This post is part 1 of my series: Tribute to Japan which will explore Japanese culture through my trip there back in November 2010.
For anyone who loves to cook or just loves kitchen supplies in general, a visit to Tokyo is not complete with a stop by Kappabashi. Not too far from Asakusa, Kappabashi is the area in Japan to get cooking and baking supplies, high quality knives, fake display foods, dishware, silverware, etc. etc.
Because this area is catered toward the restaurant industry, the prices for many things are quite reasonable. Better yet, many of these restaurant-grade items are super durable. I bought miso bowls from this area over a decade ago (for only $1 each!) and to this day they are still as good as new! (I even throw them in the dishwasher all the time!) Some of the smaller shops only accept cash, so definitely come armed with a wad of bills if you plan on shopping (which you definitely will because you’ll be so tempted to get stuff!)
On both sides of the street, stores tempt you with beautiful Japanese ceramics, bento boxes, knives, pots and pans, and so much more. Oftentimes the best deals are out on the sidewalk, so it’s always fun just to rummage through those piles.
Even the building architecture reflects the food-focused nature of the neighborhood.
One popular gift item with tourists is the fake display food. In Japan, almost all restaurants will have these displays showing what their dishes look like. You can even custom make dishes, although those are pretty expensive!
Plastic lobsters, various species of fish, and beef slices.
I thought this fake mochi looked very realistic! The price (about $12 USD each) gave it away!
I bought a fake beer glass for Bryan’s dad. The ones with bubbles were more interesting looking and also cost more.
I bought a bunch of baking supplies, such as these cool cookie stamps! I also got some with Japanese characters, which I’ll get around to using one of these days.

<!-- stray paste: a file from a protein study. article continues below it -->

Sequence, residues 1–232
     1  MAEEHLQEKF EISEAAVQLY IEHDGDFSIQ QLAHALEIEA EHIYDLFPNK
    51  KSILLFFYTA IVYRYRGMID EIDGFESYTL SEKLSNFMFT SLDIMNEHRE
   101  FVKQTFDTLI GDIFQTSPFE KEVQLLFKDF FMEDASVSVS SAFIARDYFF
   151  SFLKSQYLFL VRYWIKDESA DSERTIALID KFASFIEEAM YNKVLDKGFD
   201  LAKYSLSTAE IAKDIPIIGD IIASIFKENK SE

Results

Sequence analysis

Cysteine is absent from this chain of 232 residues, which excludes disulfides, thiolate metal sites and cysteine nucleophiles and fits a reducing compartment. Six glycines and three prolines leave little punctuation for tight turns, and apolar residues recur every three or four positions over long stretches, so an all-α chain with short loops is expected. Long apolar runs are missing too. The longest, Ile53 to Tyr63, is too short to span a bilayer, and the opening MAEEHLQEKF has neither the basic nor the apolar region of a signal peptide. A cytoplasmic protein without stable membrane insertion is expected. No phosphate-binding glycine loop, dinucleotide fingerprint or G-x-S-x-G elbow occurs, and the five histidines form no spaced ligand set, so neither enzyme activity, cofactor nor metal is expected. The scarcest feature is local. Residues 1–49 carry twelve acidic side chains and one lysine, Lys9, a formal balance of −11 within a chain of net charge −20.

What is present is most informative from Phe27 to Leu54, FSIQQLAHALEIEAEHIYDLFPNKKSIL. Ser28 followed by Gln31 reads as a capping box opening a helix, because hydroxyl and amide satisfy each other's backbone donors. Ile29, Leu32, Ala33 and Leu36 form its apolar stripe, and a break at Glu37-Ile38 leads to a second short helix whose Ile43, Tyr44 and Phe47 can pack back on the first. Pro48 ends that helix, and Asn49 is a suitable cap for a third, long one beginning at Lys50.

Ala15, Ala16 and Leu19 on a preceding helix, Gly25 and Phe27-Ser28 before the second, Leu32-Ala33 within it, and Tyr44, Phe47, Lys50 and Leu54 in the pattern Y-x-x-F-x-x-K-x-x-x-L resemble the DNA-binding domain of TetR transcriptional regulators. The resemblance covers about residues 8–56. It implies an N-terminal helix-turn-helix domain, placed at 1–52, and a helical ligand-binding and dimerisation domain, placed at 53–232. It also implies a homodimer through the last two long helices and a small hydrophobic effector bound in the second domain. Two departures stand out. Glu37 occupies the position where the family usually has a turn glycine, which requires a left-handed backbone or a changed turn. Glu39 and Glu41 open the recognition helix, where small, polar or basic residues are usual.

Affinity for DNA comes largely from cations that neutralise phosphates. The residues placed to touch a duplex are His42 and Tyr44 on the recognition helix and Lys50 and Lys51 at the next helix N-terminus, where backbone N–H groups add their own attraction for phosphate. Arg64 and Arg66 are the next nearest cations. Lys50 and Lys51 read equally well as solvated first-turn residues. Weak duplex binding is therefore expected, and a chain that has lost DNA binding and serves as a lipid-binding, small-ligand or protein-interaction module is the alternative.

2 hours later, my nylon tote was filled with miso bowls, baking supplies, tiny wooden spoons, a huge plastic Kirin mug, and several magnets in the shapes of gyoza (dumplings), kamaboko (fish cake), and various other Japanese foods. I left Kappabashi with a huge smile on my face. It had been super fun just to take my time exploring all the shops at my own pace. What a great, relaxing way to spend the afternoon.
I would highly recommend visiting Kappabashi if you are ever in Tokyo. It’s just one stop away from Asakusa, which is another popular tourist site that’s really fun to visit. It’s a great place to pick up reasonably priced dishware, souvenirs, gifts, and high quality Japanese knives at very reasonable prices.
Note – many of the stores are closed on Sundays.
How to get to Kappabashi
Take the Ginza line to Tawaramachi Station.
Take Exit #3 out of the station.
Once you emerge, you will be facing north on the corner of Asakusa-dori and Kokusai-dori.
Turn around (180 degrees) and walk west along the Asukusa-dori away from Asakusa toward Ueno. At the second light look up and you will see a huge plastic chef guy wearing a hat and also a police box. Turn right and you’re on the street Kappabashi-dori!
This post is part 1 of a larger series called a Tribute to Japan.
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